implement but may be required to lure new patients and medical staff.
Resource allocation and distribution along with rationing health care
reflects a business, rather than patient care, focus.
The Emergency Medical Treatment and Active Labour Act of 1986 (EMTALA) was
enacted to ensure access to health screening for all people who present
regardless of their ability to pay. The number of people seeking and
requiring medical attention without insurance or ability to pay is
increasing, causing a shift in healthcare delivery, due to legal mandate to
provide care for all. On any given night in a busy Emergency Room, the
‘regulars’, drug seekers and pungent homeless can be found, these individuals
still deserve dignity and care, regardless of a nurse’s personal feelings or
beliefs. System abuse and limited resources influence nurses’ perspective on
ethical care. People in a society have a right to healthcare, but policy
makers appear to disregard the ability of resource limited health systems to
provide that care, potentially to the detriment of others. As a result there
has been significant downsizing, and closures of care centres.
Another aspect influencing the aim of nursing ethics is modern globalisation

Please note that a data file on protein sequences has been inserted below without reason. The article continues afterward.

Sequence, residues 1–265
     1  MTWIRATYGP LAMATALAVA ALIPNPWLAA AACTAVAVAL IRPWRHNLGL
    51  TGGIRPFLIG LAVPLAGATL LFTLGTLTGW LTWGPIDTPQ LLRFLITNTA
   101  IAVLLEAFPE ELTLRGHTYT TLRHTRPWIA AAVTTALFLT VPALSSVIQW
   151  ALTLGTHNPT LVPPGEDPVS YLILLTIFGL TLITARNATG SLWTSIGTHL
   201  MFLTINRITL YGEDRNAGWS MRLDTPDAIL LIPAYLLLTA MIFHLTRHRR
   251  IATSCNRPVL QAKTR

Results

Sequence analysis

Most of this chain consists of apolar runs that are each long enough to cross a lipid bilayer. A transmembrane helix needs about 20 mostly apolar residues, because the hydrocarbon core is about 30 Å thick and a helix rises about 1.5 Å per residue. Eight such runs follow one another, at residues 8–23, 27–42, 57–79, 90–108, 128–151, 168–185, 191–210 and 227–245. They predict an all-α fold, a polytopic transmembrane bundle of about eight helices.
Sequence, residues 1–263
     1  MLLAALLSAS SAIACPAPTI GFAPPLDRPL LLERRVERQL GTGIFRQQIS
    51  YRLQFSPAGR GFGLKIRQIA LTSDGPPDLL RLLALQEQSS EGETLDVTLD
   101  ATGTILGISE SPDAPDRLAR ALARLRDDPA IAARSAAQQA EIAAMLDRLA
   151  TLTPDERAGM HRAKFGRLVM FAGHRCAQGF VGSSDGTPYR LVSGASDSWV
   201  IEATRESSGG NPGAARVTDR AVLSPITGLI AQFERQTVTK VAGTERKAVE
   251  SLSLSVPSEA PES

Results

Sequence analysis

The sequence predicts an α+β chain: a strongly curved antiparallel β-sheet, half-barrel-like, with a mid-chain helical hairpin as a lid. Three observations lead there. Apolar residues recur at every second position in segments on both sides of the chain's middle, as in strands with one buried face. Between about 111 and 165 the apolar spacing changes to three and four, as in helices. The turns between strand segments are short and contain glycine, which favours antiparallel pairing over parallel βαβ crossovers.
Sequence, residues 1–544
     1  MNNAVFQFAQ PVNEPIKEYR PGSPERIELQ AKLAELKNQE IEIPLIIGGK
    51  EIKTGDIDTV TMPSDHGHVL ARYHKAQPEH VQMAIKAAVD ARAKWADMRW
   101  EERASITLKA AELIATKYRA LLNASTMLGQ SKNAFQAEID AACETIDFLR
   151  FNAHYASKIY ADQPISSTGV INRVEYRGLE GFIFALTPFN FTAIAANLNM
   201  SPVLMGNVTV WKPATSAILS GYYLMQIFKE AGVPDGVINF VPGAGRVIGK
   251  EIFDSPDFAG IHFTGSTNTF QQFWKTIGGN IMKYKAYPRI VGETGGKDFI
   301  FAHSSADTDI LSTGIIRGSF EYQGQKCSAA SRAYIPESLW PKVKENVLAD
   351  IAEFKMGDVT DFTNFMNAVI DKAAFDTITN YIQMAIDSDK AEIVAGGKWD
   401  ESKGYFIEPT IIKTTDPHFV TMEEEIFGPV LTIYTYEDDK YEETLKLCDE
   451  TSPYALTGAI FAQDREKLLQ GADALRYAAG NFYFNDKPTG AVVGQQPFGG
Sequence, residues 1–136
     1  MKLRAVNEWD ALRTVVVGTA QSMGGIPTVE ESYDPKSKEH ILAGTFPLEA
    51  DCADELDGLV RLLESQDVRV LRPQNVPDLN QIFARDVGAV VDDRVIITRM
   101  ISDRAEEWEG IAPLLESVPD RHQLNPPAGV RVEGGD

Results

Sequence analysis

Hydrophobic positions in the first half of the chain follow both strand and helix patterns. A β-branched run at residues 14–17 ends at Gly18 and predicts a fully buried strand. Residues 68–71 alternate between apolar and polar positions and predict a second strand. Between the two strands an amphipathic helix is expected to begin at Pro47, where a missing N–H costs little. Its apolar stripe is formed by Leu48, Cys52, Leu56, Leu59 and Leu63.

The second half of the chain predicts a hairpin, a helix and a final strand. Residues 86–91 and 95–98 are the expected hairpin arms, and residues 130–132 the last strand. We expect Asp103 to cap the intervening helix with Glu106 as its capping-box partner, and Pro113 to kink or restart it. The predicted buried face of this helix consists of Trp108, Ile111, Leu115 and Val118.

with changes in patient populations. Immigration in the United States, particularly from Latin-American countries is rising, with the Hispanic
population now being the largest minority group.
Issues affecting professional practice
Professional nursing practice has been dramatically impacted by the recent implementation
of the Health Insurance Portability and Accountability Act, or "HIPPA", which
went into effect April 14 2003. The Act makes legally accountable the ethical
obligation to respect patient health information and privacy. Healthcare
providers must now take active measures to protect against unauthorized uses
and disclosures of personal medical information or be held in breach of
confidentiality or criminally liable.
Olson (2003) suggests that nurses have a professional duty and responsibility
to maintain confidentiality of patient information and to protect patients’
right to privacy. Protection of these rights is crucial with advancement in
nursing informatics, computerized documentation, and medical record storage.
However the new privacy law does have a downside: by inhibiting access to
information, it can be very frustrating for relatives seeking information
about a loved one’s health status. As a recent personal example, a woman’s
mother was recently hospitalised and mechanically ventilated rendering her
unable to give permission to divulge information. Other parties were then
unable to find out the seriousness, and prognosis of her condition. Also the